economics

Dairies: Cost of Production More Important Than Milk Prices

Profiting from efficient milk production According to the DairyCo (UK) Milkbench+ report, the relationship between cost of production and profit is much stronger than many dairies realize. The report states that cost of production is the most significant factor in determining profit.
Milkbench+ analyst Karolina Klaskova says: “Through robust data and statistical analysis we see that the relationship between cost of production and margin is strong.” Ms Klaskova acknowledges that the findings are challenging. “The report raises many issues, including just how difficult it can be to make a profit from milk production,” she says.

Farmland Prices Going Higher?

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Audio via PoultryCast

Terry Feldheim of the Farm Credit Service of America highlights the support underpinning land prices at these levels.

What is sustainable ag lending? That really comes down to a concept what is sustainable at given prices. We look at farmers and ranchers, asking if they can cash flow $4.50 corn? If he can cash flow that, he has a much higher probably of sustaining the volatility that comes at us.

The operations that will get loans must have strong working capital positions and actions in play to reduce any debts as quickly as possible.

What Are Global Perspectives on Commodity Price Spikes?


Photo AP Photo/Danny Johnston, File

The Diane Rehm Show brought together four experts on world economies and agriculture to address the current commodity prices and their impact on food, fuel, and fiber.

Future Of Ag, Is Worth Waiting For?


Economist Brian Briggeman, the Federal Reserve Bank of Kansas City, Omaha Branch, discusses the outlook for the agriculture economy and international transitions. 

100 Questions That Can Change Agriculture


Many organizations are stating that by 2050 there will be 9 billion people on Earth and that agriculture must change to be able to produce enough food for this growing population.

 

Despite a significant growth in food production over the past half-century, one of the most important challenges facing society today is how to feed an expected population of some nine billion by the middle of the 20th century.

The top 100 questions of importance to the future of global agriculture is the result of research and focused conversations about the global issues, agriculture, and being able to meet the food needs of the world.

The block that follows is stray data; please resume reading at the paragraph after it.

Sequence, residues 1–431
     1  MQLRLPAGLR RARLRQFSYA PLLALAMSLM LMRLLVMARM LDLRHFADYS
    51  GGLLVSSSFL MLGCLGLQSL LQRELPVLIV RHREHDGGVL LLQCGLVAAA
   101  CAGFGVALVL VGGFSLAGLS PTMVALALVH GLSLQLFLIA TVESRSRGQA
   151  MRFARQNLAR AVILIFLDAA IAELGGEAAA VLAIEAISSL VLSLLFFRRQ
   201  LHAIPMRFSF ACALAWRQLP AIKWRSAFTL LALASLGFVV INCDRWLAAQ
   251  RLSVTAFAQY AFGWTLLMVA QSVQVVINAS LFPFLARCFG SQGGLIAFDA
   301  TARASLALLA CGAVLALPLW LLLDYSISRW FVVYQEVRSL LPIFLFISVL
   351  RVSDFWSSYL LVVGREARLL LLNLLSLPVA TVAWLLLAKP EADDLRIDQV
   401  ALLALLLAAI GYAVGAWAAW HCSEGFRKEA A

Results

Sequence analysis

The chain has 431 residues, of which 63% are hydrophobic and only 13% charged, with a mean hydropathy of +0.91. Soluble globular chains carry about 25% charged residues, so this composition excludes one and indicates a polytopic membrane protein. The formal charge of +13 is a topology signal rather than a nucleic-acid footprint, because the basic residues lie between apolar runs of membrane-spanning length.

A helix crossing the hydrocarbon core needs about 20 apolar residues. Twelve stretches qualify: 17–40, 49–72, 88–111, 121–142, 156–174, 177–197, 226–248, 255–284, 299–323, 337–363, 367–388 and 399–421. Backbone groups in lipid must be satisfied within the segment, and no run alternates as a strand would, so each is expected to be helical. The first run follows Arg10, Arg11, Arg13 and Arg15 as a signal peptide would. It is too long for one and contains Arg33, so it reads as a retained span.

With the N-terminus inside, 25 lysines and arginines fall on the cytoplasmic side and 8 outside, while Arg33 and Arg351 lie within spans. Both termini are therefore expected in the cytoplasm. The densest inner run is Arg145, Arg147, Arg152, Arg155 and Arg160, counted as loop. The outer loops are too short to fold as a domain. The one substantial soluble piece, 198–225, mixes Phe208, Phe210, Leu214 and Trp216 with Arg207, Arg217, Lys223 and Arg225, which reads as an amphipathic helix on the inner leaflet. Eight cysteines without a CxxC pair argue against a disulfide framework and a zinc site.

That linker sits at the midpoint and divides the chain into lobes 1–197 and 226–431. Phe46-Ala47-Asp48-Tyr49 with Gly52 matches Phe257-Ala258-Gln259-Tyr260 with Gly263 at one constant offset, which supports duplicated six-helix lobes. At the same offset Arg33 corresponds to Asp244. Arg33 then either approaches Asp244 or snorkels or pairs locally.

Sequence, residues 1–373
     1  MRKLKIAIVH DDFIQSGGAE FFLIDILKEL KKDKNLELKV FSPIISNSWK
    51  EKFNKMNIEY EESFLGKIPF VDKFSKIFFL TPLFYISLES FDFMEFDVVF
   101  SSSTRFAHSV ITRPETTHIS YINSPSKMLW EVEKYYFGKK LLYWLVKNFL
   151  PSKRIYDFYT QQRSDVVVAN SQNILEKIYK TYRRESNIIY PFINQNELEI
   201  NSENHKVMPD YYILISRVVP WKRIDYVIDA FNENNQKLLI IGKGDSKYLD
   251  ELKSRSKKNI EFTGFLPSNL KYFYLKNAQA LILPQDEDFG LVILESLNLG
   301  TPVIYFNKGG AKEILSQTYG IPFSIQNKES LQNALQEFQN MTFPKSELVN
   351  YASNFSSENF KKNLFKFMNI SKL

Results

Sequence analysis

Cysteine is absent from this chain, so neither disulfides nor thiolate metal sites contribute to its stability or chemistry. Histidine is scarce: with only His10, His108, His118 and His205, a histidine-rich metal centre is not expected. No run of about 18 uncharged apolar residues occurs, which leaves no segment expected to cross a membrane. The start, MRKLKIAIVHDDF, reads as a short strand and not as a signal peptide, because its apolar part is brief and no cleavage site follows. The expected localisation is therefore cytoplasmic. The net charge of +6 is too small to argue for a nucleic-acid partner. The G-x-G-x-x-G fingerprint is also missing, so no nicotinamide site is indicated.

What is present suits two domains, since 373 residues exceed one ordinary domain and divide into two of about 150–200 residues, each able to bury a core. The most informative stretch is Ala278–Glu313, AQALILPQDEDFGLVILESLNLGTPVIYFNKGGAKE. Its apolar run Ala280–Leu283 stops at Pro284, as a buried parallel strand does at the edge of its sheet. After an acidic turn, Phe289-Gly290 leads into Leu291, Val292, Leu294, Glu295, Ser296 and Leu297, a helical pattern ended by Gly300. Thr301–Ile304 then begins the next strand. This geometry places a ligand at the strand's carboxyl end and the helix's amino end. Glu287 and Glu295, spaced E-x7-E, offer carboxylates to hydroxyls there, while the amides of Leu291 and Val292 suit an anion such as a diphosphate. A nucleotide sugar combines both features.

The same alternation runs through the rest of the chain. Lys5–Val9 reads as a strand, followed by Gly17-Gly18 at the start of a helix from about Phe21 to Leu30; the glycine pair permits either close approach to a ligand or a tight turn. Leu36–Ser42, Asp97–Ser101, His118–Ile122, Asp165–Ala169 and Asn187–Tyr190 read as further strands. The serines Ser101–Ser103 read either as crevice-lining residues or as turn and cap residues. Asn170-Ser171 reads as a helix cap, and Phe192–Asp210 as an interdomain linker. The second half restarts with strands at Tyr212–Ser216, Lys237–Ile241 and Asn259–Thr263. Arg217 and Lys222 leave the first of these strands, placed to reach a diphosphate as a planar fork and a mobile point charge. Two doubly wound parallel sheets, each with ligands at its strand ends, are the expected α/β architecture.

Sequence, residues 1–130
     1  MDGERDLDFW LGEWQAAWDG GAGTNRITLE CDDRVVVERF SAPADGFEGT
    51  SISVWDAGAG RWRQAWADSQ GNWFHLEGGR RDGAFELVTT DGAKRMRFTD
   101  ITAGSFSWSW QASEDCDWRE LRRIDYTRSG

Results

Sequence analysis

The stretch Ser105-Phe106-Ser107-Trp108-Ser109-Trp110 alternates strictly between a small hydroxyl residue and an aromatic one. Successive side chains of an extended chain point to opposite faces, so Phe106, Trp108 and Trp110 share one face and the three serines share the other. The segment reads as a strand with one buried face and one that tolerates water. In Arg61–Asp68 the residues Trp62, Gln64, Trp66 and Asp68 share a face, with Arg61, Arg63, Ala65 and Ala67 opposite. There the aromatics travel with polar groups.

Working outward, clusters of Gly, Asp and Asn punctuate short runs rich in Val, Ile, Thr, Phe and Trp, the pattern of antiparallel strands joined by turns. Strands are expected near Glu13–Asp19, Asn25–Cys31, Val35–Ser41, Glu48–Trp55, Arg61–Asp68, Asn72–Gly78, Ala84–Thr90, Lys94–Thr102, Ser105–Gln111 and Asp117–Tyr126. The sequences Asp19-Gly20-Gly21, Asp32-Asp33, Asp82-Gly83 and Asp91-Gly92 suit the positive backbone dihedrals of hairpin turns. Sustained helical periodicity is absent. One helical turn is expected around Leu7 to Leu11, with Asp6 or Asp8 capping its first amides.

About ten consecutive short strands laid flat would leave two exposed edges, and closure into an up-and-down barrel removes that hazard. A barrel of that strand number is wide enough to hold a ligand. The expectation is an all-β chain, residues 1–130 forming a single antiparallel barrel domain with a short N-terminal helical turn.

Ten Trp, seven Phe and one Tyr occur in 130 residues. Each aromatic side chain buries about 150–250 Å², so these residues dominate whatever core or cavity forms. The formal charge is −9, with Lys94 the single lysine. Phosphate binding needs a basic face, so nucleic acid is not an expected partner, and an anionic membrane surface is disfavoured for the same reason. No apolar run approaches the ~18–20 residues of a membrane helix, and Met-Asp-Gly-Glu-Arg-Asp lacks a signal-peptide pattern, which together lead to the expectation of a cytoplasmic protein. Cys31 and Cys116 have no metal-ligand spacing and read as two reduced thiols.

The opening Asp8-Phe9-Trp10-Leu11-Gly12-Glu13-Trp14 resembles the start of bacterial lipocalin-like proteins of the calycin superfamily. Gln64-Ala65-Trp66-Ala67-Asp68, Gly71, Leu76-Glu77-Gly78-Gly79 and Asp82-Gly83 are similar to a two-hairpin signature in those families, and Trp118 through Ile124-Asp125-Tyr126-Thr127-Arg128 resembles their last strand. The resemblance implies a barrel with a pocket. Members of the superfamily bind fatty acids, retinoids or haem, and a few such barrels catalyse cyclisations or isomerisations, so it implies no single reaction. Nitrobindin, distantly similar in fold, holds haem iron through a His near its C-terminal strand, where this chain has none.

The aim is to use sound scientific evidence to inform decision making and guide policy makers in the future direction of agricultural research priorities and policy support. If addressed, we anticipate that these questions will have a significant impact on global agricultural practices worldwide, while improving the synergy between agricultural policy, practice and research. This research forms part of the UK Government's Foresight Global Food and Farming Futures project.

How Will Corn and Ethanol Play in 2011?

Dr. Steve Meyer, Paragon Economics, provides an in-depth pork industry economic update, from the Swine Forecast 2011 webinar, December 1, 2010.

Key factors for 2011: Ethanol and biofuels policy; Grains and costs of production; Policy decisions; Macro-economic situation – esp. $US; Last month’s elections

What Is The Future of Pork Industries?


Dr. Roger Campbell, Pork Cooperative Research Center (CRC), share an international perspective on the the future of the pork industries, from the Swine Forecast 2011 webinar, December 1, 2010.

Continue to enhance efficiency of production and actively address likelihood of increasing and volatile feed costs; Exploit growing global demand for pork and cost advantages – more exports and better understanding global customer demands; Be aware of growing welfare and environmental concerns – they are likely to affect all countries directly and indirectly.

What is the Economic Outlook for Farms and Ranches?


The Agricultural and Food Policy Center (AFPC) at Texas A&M University and the Food and Agricultural Policy Research Institute (FAPRI) at the University of Missouri recently published their Representative Farms Economic Outlook for December 2010. This baseline report offers an assessment of farms, crops and their financial outlook.

Feed grain producers across the nation should increase the financial strength of their operators over the next five years, helped by strong commodity prices. Farms that have been in marginal or poor financial position in the last several years because of lower grain prices should recover and climb into stronger financial positions.

Some highlights include:

What is Next For GIPSA and the Poultry Industry?

Now that the comment period for the GIPSA Rule is over, farmers, ranchers, producers, and industry partners are pondering what the USDA will do.

Proposals include: setting a pay scale for poultry growers, putting tighter controls on contracts that require farmers to make costly upgrades, and making it easier for farmers to sue poultry companies over contract violations. The USDA was empowered to create new poultry contract rules by the 2008 Farm Bill.

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